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“After Earth” (PG-13): Parents may groan at some of the corny dialogue and melodrama that director and co-screenwriter M. Night Shyamalan injects at odd, awkward moments in “After Earth.” Yet kids 12 and older may still find the flawed sci-fi adventure an involving roller-coaster ride.

Will and Jaden Smith, father and son in real life, play Cypher and Kitai Raige, respectively. In a confusing prologue, Kitai explains that it is 1,000 years in the future.

Earth was abandoned in the late 21st century, too polluted for humans. Survivors were evacuated to a planet called Nova Prime, where Cypher is a heroic lead Ranger. He protects people from the savage Ursa monsters that evolved on Nova Prime to attack humans.

His utter fearlessness makes him invisible to the Ursas. Gangly Kitai aces his studies, but still lacks the maturity to become a Ranger. Kitai can’t confide his roiling feelings to his stern and distant father.

So Cypher, at his wife’s (Sophie Okonedo) urging, takes Kitai along on a mission for some father-son bonding.

The spaceship hits an asteroid shower and crashes onto contaminated Earth. Kitai and his dad are the lone survivors. Cypher’s leg injuries mean he must send his untested son alone on a perilous trek to retrieve an instrument that will project a beam into space for their rescue. It is in the tail of the ship, 100 kilometers away. Kitai is threatened by mutated Earth animals and an escaped Ursa from the ship’s hold. He communicates with his weakening dad via a holographic gizmo on his sleeve, and survives the bad air with a liquid that coats his lungs. He is on a hero’s journey, and the theme about facing fear does resonate.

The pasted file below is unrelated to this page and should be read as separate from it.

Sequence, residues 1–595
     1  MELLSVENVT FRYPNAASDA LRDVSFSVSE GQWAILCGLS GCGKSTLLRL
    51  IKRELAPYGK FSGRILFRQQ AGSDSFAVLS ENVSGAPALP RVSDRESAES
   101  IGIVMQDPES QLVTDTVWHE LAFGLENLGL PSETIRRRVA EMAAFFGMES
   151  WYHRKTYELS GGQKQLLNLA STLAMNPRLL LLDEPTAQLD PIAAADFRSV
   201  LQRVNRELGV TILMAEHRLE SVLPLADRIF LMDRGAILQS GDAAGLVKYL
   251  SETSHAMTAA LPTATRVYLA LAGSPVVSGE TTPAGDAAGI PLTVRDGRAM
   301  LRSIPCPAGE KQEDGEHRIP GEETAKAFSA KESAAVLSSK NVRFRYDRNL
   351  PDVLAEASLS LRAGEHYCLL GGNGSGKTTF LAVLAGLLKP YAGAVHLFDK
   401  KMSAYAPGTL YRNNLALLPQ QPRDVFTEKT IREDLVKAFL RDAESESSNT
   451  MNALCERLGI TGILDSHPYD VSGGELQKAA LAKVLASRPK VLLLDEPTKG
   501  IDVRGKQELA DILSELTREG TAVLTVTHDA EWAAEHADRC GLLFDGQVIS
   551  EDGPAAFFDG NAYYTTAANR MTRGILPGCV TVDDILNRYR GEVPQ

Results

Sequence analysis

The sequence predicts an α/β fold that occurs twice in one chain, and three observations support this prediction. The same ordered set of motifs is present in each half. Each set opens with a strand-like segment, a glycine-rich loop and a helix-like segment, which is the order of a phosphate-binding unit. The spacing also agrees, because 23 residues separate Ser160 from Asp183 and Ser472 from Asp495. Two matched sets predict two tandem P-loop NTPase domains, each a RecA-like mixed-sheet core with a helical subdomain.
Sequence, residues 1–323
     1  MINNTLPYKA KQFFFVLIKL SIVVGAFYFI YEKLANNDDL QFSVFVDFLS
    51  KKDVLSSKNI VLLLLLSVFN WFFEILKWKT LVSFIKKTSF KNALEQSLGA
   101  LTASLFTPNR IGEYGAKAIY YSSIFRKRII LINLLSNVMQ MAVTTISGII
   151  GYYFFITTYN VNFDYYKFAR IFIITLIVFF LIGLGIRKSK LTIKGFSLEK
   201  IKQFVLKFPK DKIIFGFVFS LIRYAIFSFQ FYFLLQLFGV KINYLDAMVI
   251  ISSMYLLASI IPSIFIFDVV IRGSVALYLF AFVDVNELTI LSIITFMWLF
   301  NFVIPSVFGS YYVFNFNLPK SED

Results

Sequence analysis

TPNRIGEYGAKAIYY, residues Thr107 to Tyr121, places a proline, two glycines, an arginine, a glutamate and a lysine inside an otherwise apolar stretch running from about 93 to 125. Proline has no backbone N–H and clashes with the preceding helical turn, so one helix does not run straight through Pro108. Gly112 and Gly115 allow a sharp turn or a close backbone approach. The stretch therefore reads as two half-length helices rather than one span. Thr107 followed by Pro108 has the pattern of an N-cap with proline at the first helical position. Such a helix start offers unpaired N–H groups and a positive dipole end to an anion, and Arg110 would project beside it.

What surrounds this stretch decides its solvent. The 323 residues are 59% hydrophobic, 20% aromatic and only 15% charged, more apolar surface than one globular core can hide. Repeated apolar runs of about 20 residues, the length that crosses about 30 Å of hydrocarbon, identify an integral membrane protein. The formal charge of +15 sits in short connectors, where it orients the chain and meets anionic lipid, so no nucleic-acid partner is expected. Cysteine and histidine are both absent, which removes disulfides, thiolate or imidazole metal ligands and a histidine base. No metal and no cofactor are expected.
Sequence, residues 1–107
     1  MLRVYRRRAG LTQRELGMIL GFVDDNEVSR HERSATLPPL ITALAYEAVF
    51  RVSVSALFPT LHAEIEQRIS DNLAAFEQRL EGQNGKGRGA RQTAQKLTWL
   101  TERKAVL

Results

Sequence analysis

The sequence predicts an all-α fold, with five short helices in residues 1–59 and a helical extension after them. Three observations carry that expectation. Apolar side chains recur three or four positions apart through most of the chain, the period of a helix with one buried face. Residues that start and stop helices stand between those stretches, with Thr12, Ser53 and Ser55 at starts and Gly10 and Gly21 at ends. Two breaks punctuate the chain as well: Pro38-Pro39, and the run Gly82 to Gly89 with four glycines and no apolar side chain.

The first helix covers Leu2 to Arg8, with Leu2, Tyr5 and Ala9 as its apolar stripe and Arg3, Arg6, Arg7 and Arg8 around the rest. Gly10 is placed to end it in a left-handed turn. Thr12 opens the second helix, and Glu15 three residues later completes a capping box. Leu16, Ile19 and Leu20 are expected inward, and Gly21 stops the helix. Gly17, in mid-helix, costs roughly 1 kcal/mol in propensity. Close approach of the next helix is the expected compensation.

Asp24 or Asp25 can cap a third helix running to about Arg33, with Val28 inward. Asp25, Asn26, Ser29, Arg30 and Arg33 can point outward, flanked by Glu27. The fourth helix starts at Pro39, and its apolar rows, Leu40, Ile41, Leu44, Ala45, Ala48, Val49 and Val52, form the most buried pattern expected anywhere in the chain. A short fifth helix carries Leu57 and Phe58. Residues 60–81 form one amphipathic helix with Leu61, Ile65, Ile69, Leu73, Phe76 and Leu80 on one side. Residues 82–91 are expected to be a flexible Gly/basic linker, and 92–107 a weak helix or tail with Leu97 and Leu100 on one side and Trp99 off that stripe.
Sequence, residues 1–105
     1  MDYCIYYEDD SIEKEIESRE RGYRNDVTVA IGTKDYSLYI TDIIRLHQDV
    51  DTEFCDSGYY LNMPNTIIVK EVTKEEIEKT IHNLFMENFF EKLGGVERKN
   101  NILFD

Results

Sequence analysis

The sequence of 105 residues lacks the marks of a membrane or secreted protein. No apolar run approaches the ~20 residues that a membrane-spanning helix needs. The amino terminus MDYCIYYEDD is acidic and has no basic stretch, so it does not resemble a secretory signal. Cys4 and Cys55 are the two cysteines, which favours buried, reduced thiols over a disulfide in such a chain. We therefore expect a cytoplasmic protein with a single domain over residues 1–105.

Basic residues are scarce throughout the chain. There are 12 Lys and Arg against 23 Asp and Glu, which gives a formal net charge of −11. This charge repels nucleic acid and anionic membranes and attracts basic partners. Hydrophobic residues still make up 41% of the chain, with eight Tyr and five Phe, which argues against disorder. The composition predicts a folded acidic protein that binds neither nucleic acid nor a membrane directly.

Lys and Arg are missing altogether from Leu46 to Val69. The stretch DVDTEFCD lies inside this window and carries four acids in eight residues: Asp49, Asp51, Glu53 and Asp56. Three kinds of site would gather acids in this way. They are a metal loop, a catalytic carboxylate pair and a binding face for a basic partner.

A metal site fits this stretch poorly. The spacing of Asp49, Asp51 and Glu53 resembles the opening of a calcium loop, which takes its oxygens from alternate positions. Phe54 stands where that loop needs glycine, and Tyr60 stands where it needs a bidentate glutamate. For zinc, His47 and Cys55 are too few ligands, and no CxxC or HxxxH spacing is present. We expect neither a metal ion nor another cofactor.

The PG-13 reflects violent and scary moments that become quite intense and even bloody. Young Kitai fights the shrieking Ursa monster, which looks like a huge insect-reptile hybrid.

The hatchlings of a giant bird are killed – not too graphically – by mutant mountain lions. Kitai sees dead crew members impaled on tree branches and dead animal carcasses.

Back at the ship, Cypher performs surgery on his own broken leg.

Kitai recalls in many flashbacks the death of his big sister (Zoe Kravitz), who was attacked by a monster when he was too little to protect her. There is no profanity and one instance of mild sexual innuendo. Phobics note: Kitai meets a large spider, a herd of angry apes and a big snake. His face and body swell after a leech bites him.

“The Hangover Part III” (R): Downsized from the raunchy guys-on-the-loose farces that preceded it (“The Hangover,” R, 2009; “The Hangover Part II,” R, 2011), Part III is just a caper comedy, albeit still adults-only and with outrageous bits tacked on here and there.

We get lots more about Alan’s (Zach Galifianakis) mental illness, which is only dubiously droll.

Off his meds and still living with his rich parents at age 42, Alan’s behavior goes beyond inappropriate.

We first see him driving down the highway hauling a trailer with a giraffe in it. The poor animal gets beheaded at an overpass (all computer-animated, no doubt). This elicits laughter that’s mainly shock.

After his dad (Jeffrey Tambor) dies of a heart attack right behind him while the oblivious Alan rocks out in his headphones, his family and pals stage an intervention.

Phil, Stu and Doug start driving him to a treatment center, but they’re run off the road and abducted by men in pig masks.

A gangster (John Goodman) takes Doug hostage and demands that Phil, Stu and Alan find the nutty criminal from the earlier films, Mr. Chow (Ken Jeong), who has stolen millions in gold from him.

We know from the prologue that Chow has escaped from a Bangkok prison.

The trio drives to Las Vegas (where Alan falls lustily for a pawn shop clerk played by Melissa McCarthy) to find Chow. As usual, he nearly gets them all killed.

Lethal, if relatively bloodless gun violence occurs a couple of times.

The script contains intensely crude sexual language, very strong profanity and strong sexual innuendo involving a lollipop. Characters drink, smoke and use knock-out drugs. There are topless women and a couple of frontal male nude scenes.